The investment bubble that burst in Japan 20 years ago still resonates deeply with the country’s citizens. Has this fear led to an inertia that’s having a domino effect in the country’s ETFs.
Although homelessness and suicide are up, Japan still has much going for it. It has top-notch exporters, $16.3 trillion in savings and its denizens still gravitate toward luxury dining and shopping.
After the bubble burst, though, Japan went risk-shy. Retail investors were among the first to get out of the stock market and were net sellers of equities from 1991 to 2007.
People basically lost faith and confidence in Japan’s economic power, and expectation was lowered dramatically. As a result, people put their money in to fixed-income, resulting in a 78% rally in 10-year government bonds since their 1990 nadir.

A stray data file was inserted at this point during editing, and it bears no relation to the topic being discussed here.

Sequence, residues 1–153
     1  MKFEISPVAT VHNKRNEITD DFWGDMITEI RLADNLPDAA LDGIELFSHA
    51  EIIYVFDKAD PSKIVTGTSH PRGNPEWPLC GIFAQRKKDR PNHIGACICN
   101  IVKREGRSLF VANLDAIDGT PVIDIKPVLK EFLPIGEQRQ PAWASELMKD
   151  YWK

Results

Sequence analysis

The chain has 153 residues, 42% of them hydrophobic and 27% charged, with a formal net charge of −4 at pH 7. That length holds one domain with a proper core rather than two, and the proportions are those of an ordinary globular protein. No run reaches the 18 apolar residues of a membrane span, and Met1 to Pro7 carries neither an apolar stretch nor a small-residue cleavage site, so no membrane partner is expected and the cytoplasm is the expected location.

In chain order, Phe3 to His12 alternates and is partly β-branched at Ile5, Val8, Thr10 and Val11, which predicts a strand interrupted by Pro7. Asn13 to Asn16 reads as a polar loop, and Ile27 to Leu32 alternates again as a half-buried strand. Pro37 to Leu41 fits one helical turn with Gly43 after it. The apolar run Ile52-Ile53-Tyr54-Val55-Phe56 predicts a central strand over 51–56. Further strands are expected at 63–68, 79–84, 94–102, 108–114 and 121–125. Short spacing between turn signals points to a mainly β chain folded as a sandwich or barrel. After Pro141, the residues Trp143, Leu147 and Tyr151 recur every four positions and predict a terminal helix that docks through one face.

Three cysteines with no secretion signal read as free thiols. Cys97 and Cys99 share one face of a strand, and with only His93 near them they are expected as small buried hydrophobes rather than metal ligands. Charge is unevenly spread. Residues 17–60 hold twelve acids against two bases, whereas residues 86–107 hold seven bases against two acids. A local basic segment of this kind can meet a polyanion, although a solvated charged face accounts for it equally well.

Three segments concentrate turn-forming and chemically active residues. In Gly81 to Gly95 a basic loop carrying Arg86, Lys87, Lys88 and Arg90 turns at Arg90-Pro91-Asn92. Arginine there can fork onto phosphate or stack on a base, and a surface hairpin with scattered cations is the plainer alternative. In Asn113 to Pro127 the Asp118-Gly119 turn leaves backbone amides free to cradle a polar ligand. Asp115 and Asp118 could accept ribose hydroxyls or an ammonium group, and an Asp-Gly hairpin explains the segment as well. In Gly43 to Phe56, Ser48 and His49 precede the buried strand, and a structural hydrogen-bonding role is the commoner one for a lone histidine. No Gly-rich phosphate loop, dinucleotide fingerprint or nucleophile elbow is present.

The deflationary period has led way to a weak lending environment, while companies have focused on paying down debt. The Economist reports that firms in more protected areas of the domestic economy have fared badly: profitability, wages and investment have declined in the past decade.
In turn, households have cut back and the larger force of women in the workplace has led to a slower birthrate. As society ages, growth in the stock of savings has dwindled. Savings are bound to fall as more people retire. Many are wondering if the next decade is going to get tougher than the past two have been.
- iShares S&P/Topix 150 Index (NYSEArca: ITF): up 1% in the last month
- SPDR Russell/Nomura Small Cap Japan (NYSEArca: JSC): up 0.7% in the last month
- WisdomTree Japan Total Dividend (NYSEArca: DXJ): down 0.6% in the last month
- iShares MSCI Japan (NYSEArca: EWJ): down 0.9% in the last month